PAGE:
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BENNINGTON — If you'd seen them, you might have wondered what the three people were up to: wearing face masks and gloves, they went from door to door at the Best Western motel, leaving bright-colored drawstring bags on door handles.

To those who asked, the two women and their male companion introduced themselves as peer coaches at the Turning Point recovery center. Around 11:15 a.m. Thursday, they started distributing bags that contained information about locally available social services, such as food pantries, housing referrals, and drug and alcohol recovery programs.

Each bag also held items that could prevent a fatal drug overdose: a 4 mg dose of Narcan, a brand of naloxone antidote for opioid overdose, which costs $90 without insurance at one Bennington pharmacy. There's also a drug test strip, which shows if a batch of drugs is laced with fentanyl.

Considered one of the deadliest opioids around, fentanyl is increasingly being used by drug dealers as an additive because it results in a powerful "high" and is very addictive. It's often found mixed with heroin or cocaine.

"The hope is they'll throw it away," said Turning Point Recovery Coach Julea Larsen. "But if they don't ... the point is people are using safely." The bottom line, she said, is to keep people alive so they hopefully get to the point where they'll want to take the path to recovery.

Through its network, Turning Point Center learned that opioid overdoses were becoming more frequent during the coronavirus pandemic — which has brought social isolation, massive job losses and uncertainty about the future.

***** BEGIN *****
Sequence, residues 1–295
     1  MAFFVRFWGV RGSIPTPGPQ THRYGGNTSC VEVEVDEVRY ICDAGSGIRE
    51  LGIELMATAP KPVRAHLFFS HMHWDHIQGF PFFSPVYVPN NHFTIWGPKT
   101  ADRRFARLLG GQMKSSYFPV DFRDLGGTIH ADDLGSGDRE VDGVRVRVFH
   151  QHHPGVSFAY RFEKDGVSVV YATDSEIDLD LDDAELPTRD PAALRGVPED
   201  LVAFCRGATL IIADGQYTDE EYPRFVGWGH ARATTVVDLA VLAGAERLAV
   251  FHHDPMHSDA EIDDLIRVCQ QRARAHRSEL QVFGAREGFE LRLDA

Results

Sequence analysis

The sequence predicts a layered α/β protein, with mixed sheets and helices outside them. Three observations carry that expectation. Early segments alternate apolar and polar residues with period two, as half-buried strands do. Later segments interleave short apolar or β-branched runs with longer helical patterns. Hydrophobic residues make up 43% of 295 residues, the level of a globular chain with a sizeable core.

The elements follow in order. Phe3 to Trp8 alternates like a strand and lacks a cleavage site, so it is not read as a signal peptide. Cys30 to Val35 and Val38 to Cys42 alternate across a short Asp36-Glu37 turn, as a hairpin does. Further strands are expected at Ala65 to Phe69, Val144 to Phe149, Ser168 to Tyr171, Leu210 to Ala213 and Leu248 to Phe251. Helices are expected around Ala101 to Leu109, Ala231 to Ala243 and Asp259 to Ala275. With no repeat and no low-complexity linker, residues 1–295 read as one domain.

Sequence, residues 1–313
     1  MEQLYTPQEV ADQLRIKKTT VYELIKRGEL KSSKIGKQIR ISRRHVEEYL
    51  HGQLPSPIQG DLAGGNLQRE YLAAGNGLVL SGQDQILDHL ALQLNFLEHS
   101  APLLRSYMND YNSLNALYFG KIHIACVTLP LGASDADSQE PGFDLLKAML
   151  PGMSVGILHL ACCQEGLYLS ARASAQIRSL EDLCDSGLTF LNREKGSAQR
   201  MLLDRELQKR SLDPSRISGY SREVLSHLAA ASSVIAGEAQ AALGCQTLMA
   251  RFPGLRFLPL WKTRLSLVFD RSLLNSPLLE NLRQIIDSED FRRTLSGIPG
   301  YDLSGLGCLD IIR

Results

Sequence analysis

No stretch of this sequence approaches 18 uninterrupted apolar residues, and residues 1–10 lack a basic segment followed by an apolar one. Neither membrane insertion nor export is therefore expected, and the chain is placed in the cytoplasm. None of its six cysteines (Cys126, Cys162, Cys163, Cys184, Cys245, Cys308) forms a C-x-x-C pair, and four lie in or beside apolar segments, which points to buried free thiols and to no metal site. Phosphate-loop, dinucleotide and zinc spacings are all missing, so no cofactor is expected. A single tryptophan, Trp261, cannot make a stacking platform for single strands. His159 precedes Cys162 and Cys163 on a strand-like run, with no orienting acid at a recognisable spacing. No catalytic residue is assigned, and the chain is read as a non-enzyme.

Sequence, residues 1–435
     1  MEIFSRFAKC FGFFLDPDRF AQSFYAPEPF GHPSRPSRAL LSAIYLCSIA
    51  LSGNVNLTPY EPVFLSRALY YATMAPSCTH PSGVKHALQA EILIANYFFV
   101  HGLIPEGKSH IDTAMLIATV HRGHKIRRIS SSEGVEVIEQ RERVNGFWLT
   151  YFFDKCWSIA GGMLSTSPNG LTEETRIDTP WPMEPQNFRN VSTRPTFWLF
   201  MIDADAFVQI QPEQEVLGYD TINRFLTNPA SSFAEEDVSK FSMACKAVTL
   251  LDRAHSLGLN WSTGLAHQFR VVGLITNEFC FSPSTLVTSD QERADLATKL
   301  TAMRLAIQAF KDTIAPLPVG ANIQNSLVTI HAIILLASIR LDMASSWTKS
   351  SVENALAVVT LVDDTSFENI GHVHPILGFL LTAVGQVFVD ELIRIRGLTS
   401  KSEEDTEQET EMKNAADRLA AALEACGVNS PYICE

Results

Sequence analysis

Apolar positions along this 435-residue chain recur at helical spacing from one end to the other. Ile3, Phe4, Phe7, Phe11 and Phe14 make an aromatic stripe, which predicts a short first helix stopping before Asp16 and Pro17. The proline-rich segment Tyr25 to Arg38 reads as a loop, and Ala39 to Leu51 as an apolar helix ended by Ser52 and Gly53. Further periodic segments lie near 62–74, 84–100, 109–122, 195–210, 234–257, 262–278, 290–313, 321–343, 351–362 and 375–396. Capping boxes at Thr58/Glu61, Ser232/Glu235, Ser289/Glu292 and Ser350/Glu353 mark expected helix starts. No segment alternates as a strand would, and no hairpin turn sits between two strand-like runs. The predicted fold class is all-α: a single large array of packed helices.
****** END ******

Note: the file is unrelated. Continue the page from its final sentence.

Before the pandemic, recovery center staff heard of opioid overdoses once a week to once every three weeks, Larsen said. About a couple of weeks after the state ordered residents to shelter in place on March 25, Larsen said they became aware of an overdose at least once a week.

The nonprofit group decided to do a motel outreach on Thursday, knowing that some people with substance-use disorder were staying at motels, said center executive director Tom Haley.

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"We also know they are isolated and that many are receiving money," Haley said. "The perfect storm."

It was the first time the recovery center was handing out "harm reduction kits" door to door, he said, a way of adapting to the realities of life during the pandemic.

Haley, Larsen and fellow recovery coach Marybeth Barrett also went to the West End Motel, where their load of 62 bags ran out at around 1:30 p.m. Besides handing out the orange and purple bags to motel guests, the kits were given to some motel staff too.

The recovery coaches are planning to distribute more kits at other Bennington motels. They're just waiting to receive more supplies from the Vermont Department of Health, including Narcan and fentanyl test strips.

They don't know how many people will read the information on the roughly 20 pieces of paper in the kit. But they say their effort would be worthwhile if it can turn at least one life around.

"What if this Narcan saves one life? Then it was worth it for me," Larsen said. At the very least, the information could "plant a seed" that recovery lay within reach.

Contact Tiffany Tan at or @tiffgtan on Facebook and Twitter.


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